• Microsoft is taking on this challenge by using its ten years of supercomputing expertise to support the largest AI training workloads.
  • Microsoft’s new ND H100 v5 instances use NVLink, an Nvidia technology, to connect the eight H100 chips to one another.

A new instance family created specifically to run artificial intelligence models has been added to Microsoft Corp.’s Azure cloud platform.

The ND H100 v5 series is the instance family that premiered recently.

A principal project manager at Azure’s high-performance computing and AI group, Matt Vegas, wrote in a blog post “Delivering on the promise of advanced AI for our customers requires supercomputing infrastructure, services, and expertise to address the exponentially increasing size and complexity of the latest models. At Microsoft, we are meeting this challenge by applying a decade of experience in supercomputing and supporting the largest AI training workloads.”

Eight H100 graphics processing units from Nvidia Corp. are present in each ND H100 v5 instance. The H100 is Nvidia’s most advanced data center GPU, which was released last March. Compared to the company’s previous flagship chip, it can train AI models nine times faster and operate them up to 30 times faster.

The 80 billion transistors of the H100 were created using a four-nanometer technique. The Transformer Engine, a specialized module included in it, is made to accelerate AI models built using the Transformer neural network architecture. Many cutting-edge AI models, such as the ChatGPT chatbot from OpenAI LLC, are powered by this architecture.

The H100 includes further upgrades from Nvidia as well. The chip has a built-in confidential computing function among its many other features. The capability can isolate an AI model to prevent requests for unauthorized access from the operating system and hypervisor on which it operates.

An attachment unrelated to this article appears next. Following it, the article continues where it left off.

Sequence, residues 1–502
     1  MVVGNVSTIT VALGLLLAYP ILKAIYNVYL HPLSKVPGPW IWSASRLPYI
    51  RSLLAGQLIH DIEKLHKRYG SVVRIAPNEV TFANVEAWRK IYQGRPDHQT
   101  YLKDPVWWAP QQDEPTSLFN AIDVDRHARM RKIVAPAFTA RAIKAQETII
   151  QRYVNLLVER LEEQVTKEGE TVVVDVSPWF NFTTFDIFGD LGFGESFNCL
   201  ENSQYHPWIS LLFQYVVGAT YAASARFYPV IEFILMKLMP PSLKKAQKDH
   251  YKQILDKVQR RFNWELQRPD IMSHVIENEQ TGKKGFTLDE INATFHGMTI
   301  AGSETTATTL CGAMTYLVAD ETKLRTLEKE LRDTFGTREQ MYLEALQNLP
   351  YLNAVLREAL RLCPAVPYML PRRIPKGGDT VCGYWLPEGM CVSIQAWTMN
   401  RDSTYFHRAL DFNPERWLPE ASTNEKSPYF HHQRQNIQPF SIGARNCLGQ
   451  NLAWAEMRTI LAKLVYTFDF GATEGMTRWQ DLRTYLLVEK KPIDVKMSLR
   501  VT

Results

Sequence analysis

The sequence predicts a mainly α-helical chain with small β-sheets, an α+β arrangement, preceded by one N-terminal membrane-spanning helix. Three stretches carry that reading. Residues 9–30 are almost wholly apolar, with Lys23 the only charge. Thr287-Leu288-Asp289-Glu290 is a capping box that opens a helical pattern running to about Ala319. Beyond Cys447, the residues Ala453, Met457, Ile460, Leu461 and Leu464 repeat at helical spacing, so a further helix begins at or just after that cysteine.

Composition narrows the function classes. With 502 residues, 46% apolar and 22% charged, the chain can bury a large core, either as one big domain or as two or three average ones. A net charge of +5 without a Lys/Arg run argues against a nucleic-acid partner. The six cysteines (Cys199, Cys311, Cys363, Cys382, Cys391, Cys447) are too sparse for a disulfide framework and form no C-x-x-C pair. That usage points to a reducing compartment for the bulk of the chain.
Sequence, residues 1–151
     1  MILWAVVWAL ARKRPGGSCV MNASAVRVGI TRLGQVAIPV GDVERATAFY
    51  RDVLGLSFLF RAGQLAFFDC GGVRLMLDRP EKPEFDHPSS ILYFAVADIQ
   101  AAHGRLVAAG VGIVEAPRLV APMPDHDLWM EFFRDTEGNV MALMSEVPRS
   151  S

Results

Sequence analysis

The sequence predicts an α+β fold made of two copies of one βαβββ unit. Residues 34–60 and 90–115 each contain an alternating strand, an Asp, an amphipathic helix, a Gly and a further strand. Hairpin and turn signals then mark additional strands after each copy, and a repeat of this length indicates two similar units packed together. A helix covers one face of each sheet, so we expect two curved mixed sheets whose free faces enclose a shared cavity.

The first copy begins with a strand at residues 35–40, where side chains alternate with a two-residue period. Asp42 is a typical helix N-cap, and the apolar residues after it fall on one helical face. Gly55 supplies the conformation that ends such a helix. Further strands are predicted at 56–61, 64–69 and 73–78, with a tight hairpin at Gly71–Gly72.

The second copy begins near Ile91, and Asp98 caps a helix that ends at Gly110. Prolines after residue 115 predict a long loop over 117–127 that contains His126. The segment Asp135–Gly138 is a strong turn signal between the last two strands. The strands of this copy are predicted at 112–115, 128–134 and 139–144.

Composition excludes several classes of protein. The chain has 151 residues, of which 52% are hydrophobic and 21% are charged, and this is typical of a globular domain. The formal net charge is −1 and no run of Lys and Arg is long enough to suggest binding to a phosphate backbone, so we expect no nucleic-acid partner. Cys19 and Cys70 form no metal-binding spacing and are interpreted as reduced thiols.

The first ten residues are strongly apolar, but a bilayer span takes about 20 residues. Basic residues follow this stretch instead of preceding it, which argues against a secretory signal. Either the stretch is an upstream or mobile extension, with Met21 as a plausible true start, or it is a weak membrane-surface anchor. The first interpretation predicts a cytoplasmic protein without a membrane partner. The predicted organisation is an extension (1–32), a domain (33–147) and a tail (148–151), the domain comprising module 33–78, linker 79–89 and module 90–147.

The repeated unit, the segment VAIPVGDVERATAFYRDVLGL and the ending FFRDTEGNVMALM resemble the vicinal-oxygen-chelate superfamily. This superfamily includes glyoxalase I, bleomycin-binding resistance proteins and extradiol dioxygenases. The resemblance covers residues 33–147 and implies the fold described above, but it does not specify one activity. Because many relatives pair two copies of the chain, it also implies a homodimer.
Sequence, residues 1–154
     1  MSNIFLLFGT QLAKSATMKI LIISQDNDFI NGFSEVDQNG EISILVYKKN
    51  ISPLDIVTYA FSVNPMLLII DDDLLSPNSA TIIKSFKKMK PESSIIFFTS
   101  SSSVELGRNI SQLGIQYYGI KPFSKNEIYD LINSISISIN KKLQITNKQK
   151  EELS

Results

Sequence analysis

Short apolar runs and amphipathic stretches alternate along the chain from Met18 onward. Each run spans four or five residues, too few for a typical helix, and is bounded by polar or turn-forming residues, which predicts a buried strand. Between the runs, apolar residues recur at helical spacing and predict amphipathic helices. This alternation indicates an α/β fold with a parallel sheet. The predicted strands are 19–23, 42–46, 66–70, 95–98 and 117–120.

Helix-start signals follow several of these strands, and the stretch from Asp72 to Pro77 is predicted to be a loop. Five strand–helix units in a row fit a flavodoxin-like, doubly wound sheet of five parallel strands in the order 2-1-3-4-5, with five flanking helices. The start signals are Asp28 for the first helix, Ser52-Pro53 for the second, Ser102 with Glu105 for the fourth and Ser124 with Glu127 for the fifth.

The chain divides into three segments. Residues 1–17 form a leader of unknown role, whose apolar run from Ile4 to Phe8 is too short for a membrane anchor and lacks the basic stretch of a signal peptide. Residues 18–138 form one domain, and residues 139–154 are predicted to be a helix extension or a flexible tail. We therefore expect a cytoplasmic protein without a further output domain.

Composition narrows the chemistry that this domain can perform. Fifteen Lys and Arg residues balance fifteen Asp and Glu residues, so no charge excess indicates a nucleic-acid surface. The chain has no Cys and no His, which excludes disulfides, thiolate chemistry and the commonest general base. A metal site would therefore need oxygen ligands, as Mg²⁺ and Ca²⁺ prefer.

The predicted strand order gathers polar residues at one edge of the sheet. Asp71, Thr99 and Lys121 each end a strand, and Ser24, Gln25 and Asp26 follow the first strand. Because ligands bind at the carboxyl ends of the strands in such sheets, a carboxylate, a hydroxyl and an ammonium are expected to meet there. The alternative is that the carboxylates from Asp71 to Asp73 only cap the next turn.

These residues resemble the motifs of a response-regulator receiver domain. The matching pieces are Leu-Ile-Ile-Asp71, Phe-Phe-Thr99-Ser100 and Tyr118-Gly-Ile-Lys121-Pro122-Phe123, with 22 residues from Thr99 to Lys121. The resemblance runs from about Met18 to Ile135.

Advanced AI models are typically installed across numerous graphics cards. When used in this way, GPUs must communicate with one another often to coordinate their work. Companies frequently connect their GPUs using high-speed network connections to accelerate the data transfer between them.

NVLink, an Nvidia technology, is used to connect the eight H100 CPUs in Microsoft’s latest ND H100 v5 instances. Nvidia claims the technology is seven times faster than the well-known networking standard, PCIe 5.0. According to Microsoft, NVLink offers 3.6 terabits per second of bandwidth across the eight GPUs in its new instances.

NVSwitch, another Nvidia networking technology, is also supported by the instance series. NVSwitch links various GPU servers together, whereas NVLink links the GPUs inside a single server. This simplifies operating complicated AI models that must be deployed over numerous systems in a data center.

Microsoft’s ND H100 v5 instances pair Intel Corp. CPUs with H100 graphics cards. The 4th Gen Xeon Scalable Processor series from Intel is the source of the CPUs. The Sapphire Rapids chip series debuted in January.

A modified version of Intel’s 10-nanometer process serves as the foundation for Sapphire Rapids. Each CPU in the series has several onboard accelerators, computing units designed for particular tasks. Sapphire Rapids, according to Intel, offers up to 10 times more performance than its previous-generation silicon for some AI applications because of the integrated accelerators.